Executive Lead Principal – Jon Hubble
Mr. Hubble has 28 years experience in Metro middle schools, including serving as principal at Meigs Middle Magnet and Apollo Middle Prep. While at Meigs, he received statewide and national recognition for effective leadership and his students’ academic achievement. At Apollo, he oversaw significant academic growth and was recognized by the Tennessee Department of Education for inclusive practices. He has received several teaching awards, including Metro Schools Teacher of the Year.
School construction and improvement projects are happening all over Nashville, and the community now has a brand new tool to keep track of it all. MNPSConstruction.com launched today as a new website dedicated to sharing information about every major construction project in Metro Schools. It gives taxpayers an open and transparent document of how Metro Schools spends capital funds to improve schools.
The website includes a comprehensive view of all on-going or recently completed projects, including a detailed description, cost and completion date for each one. There will also be regular updates of construction work along with progress photos and renderings of the proposed final design.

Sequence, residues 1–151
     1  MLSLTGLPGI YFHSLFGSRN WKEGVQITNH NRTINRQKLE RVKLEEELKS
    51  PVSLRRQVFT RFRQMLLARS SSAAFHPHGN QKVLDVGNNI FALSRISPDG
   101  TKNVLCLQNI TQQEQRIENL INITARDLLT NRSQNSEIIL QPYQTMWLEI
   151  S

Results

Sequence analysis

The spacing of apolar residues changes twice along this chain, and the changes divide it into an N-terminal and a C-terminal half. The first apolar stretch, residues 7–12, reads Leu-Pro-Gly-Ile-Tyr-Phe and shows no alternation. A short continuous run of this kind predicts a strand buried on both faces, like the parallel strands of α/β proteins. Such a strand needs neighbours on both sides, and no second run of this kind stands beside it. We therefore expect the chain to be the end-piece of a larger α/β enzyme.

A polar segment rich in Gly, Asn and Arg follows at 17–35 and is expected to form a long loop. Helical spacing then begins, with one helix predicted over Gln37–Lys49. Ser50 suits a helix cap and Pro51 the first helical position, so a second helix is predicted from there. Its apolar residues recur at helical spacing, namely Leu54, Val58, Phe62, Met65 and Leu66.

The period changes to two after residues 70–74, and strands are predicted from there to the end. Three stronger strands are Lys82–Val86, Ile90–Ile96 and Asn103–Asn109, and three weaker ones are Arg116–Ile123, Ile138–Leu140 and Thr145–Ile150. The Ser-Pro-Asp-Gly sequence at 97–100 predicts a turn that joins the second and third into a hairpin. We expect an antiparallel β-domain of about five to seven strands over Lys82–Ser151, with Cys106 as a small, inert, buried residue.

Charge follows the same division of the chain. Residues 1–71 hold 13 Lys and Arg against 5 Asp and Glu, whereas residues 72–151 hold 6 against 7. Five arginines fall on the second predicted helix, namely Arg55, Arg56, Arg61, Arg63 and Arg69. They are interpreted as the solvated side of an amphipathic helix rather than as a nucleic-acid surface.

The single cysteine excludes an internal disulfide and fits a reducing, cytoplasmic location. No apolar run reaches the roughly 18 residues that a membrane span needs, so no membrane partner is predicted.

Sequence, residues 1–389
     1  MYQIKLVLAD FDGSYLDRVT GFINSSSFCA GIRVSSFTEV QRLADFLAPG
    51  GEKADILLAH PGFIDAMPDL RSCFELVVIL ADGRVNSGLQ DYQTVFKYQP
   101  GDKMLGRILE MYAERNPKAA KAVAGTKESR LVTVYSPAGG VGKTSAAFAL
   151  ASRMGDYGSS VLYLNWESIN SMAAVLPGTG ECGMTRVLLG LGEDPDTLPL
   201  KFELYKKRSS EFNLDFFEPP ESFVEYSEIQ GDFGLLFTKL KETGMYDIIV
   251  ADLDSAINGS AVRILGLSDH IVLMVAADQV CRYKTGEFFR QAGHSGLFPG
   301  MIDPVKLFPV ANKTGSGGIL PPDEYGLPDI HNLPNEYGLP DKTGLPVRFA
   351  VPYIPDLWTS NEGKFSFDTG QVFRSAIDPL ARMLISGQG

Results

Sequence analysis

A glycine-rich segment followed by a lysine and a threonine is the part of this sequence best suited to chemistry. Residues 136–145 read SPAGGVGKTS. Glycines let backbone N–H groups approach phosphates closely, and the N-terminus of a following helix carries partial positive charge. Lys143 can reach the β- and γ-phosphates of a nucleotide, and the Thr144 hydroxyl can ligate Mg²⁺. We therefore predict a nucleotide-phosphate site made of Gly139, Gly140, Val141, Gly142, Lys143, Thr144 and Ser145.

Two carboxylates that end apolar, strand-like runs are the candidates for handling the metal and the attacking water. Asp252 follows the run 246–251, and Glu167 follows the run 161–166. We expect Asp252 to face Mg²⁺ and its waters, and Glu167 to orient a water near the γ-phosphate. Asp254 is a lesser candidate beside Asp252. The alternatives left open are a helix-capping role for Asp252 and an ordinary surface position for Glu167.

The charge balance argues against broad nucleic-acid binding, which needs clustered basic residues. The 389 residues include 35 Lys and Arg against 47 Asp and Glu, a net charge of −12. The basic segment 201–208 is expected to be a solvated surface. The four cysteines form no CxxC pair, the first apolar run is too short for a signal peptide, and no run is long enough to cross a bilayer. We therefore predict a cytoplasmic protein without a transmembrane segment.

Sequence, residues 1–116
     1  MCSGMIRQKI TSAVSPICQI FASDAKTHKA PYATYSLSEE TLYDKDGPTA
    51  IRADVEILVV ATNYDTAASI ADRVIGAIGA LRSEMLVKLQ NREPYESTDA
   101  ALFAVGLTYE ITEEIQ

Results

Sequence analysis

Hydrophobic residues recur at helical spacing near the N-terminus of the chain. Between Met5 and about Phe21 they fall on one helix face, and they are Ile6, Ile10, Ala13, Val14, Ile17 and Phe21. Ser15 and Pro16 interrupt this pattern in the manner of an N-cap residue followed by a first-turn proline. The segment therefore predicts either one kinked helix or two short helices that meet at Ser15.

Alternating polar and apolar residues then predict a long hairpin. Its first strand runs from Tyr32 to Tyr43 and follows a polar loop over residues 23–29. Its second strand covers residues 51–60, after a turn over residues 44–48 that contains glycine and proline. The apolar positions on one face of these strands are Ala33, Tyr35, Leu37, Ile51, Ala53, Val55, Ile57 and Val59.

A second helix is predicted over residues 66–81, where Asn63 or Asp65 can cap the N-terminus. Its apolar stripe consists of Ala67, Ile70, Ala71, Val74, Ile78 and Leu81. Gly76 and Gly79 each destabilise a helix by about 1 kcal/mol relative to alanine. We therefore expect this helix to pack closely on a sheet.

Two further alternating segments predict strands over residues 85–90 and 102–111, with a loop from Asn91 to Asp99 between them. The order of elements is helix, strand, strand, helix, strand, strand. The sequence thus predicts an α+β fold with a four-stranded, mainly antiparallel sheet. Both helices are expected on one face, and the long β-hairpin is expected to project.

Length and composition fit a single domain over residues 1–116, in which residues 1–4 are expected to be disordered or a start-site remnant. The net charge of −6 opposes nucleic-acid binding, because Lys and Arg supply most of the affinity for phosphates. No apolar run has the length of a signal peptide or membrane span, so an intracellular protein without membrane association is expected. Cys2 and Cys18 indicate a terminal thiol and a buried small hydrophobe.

“We have been very fortunate in terms of capital funding in recent years, and our team has been very busy building and improving schools,” said Ken Murdock, director of the Facility Planning and Construction Department. “We have a lot of projects underway right now. Nashville residents deserve an easy way to monitor the projects that affect them and see that we are being good stewards of their tax dollars.”
In addition to project information for the general public, MNPSConstruction.com also includes job bid information for architects and contractors. This increases transparency around the bidding process and makes it easier for architects, contractors and suppliers to participate.